Still wandering around the botanical garden. I saw a small number of these little dangerous-looking things but not a placard to identify them. They look a bit like those illustrations you see of Covid-19 particles. The spiky balls resemble thistles but not in the traditional Scottish sense. Can anyone identify them?               

Wednesday, September 23, 2020


One of the most famous buildings in St. Louis, at least to locals, the Climatron in the Missouri Botanical Garden. It is a geodesic dome greenhouse, built on the concepts of the architect and engineer R. Buckminster Fuller, and turns 50 years old next week.  In 1976 it was named one of the 100 most significant architectural achievements in United States history. You can see more details about the structure at .

The long pool in front of it is full of lily pads, some floating Chihuly glass ornaments and a bit of sculpture. It looks especially good at night when it is lit by changing color lights.


Tuesday, September 22, 2020


Since as usual there is nothing going on around here, I went to our gorgeous botanical garden on Sunday to get some exercise and images. They have a bunch of Chihuly glass around the place, this one on a side of the rose garden. (I was standing underneath its twin on the opposite side.) It looks like it needs a haircut worse than I do in these no-close-contact times.  These could be solar rays or a punk rocker's yellow died hair.

I didn't know it before but the garden takes these glass tubes out for the winter. Freezing temps could damage them.     

Monday, September 21, 2020


Watch out world, here I come.
We took Ellie and her new bike to Tower Grove Park for a workout.  It is usually quiet and has some long, fairly flat straightaways, perfect for her level (she hasn't learned the gearshift yet.) But under these conditions, can she fly!
Note the doll in the rear bike seat. Parents and grandparents in this country all know American Girl Dolls. They have their own special store in some cities, are horrifically expensive and have outfits and accessories that require a second mortgage to buy. Fortunately by now there are knock-off versions with decent quality and priced for those who drive Toyotas rather than Mercedes. That's what Ellie has. They all come with a card giving their names and characteristics. This is Alaine. We assume that she is Québécoise because her card says she likes poutine.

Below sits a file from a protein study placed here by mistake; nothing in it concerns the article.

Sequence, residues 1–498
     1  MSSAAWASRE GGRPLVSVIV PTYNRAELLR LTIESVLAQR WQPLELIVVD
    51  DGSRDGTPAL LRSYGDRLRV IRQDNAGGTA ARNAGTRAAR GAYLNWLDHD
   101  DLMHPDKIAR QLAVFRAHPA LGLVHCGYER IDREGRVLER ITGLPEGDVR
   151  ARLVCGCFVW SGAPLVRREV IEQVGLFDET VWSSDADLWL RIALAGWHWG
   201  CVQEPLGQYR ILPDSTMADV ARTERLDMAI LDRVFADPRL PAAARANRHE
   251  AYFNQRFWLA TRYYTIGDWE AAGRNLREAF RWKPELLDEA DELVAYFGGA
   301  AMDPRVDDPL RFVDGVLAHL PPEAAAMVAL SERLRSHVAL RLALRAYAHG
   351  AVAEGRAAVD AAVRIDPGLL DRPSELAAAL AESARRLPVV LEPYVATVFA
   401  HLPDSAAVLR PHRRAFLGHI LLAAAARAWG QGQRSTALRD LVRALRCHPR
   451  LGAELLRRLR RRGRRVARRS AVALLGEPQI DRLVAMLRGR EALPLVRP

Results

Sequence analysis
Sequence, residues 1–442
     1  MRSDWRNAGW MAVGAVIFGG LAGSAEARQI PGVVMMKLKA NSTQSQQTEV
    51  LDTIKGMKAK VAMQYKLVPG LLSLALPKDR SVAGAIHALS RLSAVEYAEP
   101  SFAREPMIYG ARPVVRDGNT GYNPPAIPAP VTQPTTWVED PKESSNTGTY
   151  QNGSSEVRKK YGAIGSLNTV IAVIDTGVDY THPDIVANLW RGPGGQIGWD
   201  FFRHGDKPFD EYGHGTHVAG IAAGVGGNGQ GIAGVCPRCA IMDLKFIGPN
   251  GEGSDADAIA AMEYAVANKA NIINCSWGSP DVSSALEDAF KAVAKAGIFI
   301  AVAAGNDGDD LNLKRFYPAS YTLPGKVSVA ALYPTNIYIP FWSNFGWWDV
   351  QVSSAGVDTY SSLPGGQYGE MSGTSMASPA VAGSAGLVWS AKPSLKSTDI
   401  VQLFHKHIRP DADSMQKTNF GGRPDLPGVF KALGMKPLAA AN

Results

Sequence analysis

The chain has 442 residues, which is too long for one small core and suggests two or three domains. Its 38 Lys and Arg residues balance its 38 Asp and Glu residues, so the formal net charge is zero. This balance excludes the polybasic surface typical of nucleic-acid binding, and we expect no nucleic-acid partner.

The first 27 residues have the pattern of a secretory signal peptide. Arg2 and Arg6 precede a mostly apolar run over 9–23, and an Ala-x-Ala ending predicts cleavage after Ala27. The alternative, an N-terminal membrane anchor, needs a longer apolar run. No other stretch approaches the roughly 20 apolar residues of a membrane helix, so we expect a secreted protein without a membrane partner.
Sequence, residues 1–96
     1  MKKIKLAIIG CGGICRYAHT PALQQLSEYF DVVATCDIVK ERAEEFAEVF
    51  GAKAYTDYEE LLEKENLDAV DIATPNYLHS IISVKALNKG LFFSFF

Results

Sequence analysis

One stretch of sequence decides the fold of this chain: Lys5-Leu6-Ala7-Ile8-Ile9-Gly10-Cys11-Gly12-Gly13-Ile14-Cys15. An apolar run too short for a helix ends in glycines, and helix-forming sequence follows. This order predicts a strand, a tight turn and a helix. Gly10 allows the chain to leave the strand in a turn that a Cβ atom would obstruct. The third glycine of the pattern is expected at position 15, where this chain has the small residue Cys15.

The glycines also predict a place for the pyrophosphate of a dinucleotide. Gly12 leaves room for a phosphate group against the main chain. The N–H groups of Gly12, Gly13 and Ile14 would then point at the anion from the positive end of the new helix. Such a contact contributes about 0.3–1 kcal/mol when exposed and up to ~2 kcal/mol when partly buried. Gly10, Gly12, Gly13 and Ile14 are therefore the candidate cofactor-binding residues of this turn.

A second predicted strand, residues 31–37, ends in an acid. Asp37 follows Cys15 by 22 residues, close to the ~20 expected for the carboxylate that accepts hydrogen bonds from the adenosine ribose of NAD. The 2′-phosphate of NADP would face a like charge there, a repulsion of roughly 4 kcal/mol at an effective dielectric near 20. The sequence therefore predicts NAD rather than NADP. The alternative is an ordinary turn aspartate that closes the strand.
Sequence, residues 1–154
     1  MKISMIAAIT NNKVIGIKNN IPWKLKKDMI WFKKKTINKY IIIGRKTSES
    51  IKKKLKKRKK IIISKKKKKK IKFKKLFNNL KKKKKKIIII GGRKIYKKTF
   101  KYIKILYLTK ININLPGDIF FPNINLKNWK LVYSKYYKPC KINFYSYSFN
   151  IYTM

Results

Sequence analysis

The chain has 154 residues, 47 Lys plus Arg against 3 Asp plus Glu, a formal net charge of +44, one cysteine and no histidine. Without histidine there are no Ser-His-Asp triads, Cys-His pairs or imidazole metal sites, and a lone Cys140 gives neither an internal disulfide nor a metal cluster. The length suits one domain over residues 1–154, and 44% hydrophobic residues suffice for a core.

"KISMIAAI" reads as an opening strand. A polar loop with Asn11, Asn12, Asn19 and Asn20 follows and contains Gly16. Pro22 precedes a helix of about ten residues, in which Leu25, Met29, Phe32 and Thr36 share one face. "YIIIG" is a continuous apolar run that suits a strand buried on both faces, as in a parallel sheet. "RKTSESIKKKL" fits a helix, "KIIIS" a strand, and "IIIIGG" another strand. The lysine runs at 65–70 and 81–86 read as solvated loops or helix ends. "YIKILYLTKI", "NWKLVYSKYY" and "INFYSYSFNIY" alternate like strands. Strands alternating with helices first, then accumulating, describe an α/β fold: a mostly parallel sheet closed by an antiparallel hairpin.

Sunday, September 20, 2020


The caption above might not mean much unless you were brought up Catholic like me. A plenary indulgence was something of great value. Rather than going into theological arcana here you can check the link if interested.

But Catholics have a wonderful concept of absolution - do this, think that, and all your sins are washed away. I didn't pay attention to the business under this awning - it could have been a bar or ice cream shop - because the concept on the awning was so good, sort of a spiritual Groundhog Day. Do all the nasty you want, come in here and emerge in saintly white.  

Saturday, September 19, 2020


It's a good idea to wear a mask even if you are just walking down the street with no one nearby. You don't know when others will come down the sidewalk to meet you. It applies even if you are 10 feet / 3 m tall.

Donald Baechler's Walking Figure has marched down Olive Street for years. S/he (it's ambiguous) has a vigorous stride but never gets anywhere. Is there a metaphor in this?               

Friday, September 18, 2020



About a week ago some group went around putting masks on downtown statues. The reason is obvious. As I drove to my office last Saturday morning I made a survey of where they were located. However, by the time I went out to photograph them that afternoon many of the masks were gone. Some could have been stolen but at least one was inaccessible without a ladder or bucket truck. Like the masks on the statues of players outside the baseball stadium, they were all St. Louis city flags, tied on as well as possible. A couple had fallen down around the statues' necks. My best guess is that they blew off.